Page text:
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Category — Forest Fires

Climate and economy fan flames in Spain

Tim Radford

 

Burn scars: a swathe of forest destroyed by wildfire in northern Spain. Image: DM Molina Terrén via Wikimedia Commons

Burn scars: a swathe of forest destroyed by wildfire in northern Spain. Image: DM Molina Terrén via Wikimedia Commons

The combined forces of climate, economic and social change are leaving Spain increasingly exposed to the damaging and costly effects of wildfires.

Climate change is gradually turning Spain into a fire zone – but it’s also the change in the economic climate that is inflaming the situation.

A research group reports in the journal Environmental Science and Policy that a mix of factors is behind the rise in both the numbers of forest fires and the areas of land scorched over the last 40 years.

Vanesa Moreno, a researcher in the geography department at the University of Alcalá in Madrid, and colleagues studied the pattern of fires in Spain from 1968 to 2010. [Read more →]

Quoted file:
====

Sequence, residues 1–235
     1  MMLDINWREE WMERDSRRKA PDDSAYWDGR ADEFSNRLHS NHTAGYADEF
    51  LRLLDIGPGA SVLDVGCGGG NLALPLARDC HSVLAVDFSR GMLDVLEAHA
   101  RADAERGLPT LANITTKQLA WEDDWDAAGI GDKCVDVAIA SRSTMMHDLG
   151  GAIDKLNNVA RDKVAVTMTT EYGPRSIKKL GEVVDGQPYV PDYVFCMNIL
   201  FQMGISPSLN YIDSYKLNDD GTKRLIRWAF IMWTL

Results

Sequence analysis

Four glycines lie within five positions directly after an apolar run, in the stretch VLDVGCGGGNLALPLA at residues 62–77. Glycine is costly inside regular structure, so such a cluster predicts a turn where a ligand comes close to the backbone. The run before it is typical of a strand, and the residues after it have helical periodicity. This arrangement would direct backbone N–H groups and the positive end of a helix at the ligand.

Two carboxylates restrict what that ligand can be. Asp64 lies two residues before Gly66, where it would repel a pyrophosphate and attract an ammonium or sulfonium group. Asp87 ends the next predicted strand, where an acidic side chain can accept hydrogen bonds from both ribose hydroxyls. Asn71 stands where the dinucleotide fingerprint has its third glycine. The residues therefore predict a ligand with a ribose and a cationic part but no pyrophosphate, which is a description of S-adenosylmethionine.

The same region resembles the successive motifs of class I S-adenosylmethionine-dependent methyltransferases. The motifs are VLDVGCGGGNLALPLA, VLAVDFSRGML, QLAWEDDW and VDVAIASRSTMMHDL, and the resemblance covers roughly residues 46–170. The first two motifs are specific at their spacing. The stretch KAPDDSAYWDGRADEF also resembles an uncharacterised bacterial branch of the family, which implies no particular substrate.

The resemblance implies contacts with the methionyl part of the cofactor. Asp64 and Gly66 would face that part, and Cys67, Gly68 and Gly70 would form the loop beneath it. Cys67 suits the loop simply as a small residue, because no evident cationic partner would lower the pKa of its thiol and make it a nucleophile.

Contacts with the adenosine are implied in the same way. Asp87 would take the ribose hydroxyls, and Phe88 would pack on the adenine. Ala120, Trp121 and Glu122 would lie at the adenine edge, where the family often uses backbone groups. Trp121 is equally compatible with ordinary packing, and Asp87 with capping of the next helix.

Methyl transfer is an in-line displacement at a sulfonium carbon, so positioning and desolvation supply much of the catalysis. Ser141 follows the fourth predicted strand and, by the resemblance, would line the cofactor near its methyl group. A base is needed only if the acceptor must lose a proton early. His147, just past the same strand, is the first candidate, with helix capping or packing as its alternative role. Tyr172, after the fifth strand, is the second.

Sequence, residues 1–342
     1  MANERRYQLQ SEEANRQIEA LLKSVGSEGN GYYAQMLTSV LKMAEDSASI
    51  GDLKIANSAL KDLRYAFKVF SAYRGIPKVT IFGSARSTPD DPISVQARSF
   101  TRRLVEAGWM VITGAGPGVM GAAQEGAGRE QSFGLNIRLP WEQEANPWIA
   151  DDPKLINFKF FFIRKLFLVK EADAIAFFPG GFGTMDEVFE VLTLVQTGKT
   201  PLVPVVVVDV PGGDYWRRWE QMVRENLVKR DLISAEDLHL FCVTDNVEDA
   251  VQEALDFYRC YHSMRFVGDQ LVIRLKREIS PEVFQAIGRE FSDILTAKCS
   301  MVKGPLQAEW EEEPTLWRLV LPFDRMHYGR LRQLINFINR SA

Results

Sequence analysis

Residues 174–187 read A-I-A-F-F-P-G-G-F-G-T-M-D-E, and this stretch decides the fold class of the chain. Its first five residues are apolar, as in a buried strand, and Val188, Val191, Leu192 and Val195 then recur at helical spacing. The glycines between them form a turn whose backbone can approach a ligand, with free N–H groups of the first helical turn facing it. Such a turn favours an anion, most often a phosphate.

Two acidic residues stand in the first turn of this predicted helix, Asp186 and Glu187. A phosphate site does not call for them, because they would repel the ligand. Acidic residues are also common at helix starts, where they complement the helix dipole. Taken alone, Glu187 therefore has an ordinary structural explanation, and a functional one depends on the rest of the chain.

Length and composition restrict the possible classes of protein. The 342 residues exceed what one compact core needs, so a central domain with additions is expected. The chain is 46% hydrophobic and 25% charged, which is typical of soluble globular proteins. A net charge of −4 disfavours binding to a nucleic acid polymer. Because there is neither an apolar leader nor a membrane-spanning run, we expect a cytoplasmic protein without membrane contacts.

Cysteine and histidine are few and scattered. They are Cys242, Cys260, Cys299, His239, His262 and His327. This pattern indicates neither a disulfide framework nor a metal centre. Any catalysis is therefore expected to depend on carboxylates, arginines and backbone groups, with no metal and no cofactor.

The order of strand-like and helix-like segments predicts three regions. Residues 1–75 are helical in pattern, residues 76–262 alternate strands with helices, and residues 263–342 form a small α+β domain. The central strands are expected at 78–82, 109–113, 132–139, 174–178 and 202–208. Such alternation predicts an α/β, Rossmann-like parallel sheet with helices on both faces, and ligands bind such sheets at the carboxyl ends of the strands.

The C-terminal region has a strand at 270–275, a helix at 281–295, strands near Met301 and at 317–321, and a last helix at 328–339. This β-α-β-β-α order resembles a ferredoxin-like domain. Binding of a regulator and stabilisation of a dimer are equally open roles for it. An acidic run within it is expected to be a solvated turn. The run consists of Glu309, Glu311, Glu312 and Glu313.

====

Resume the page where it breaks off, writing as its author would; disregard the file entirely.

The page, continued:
August 22, 2014   No Comments

Arctic warming blamed for dangerous heat waves

Paul Brown

Feeling the heat: a wildfire rages in New Mexico during the 2012 heat wave. Image: Kari Greer/USFS Gila National Forest via Wikimedia Commons

Feeling the heat: a wildfire rages in New Mexico during the 2012 heat wave. Image: Kari Greer/USFS Gila National Forest via Wikimedia Commons

Giant waves in the jet stream that often governs our weather are changing as the Arctic warms more rapidly − leading to long periods of soaring temperatures that pose major threats to economies and human health.

Few people have heard of Rossby waves and even less understand them, but if you are sweltering in an uncomfortably long heat wave, then they could be to blame.

New discoveries about what is going on in the atmosphere are helping to explain why heat waves are lasting longer and causing serious damage to humans and the natural world. These events have doubled in frequency this century, and the cause is believed to be the warming of the Arctic.

The weather at the Earth’s surface is often governed by high winds in the atmosphere, known as jet streams. In 1939, Carl-Gustaf Arvid Rossby, a Swedish-born America meteorologist, discovered waves in the northern jet stream that were associated with the high and low pressure systems at ground level that form daily weather patterns.

Jet streams travel at up to 200 kilometres an hour, frequently wandering north and south − with cold Arctic air to the north, and warmer air to the south. [Read more →]

August 20, 2014   No Comments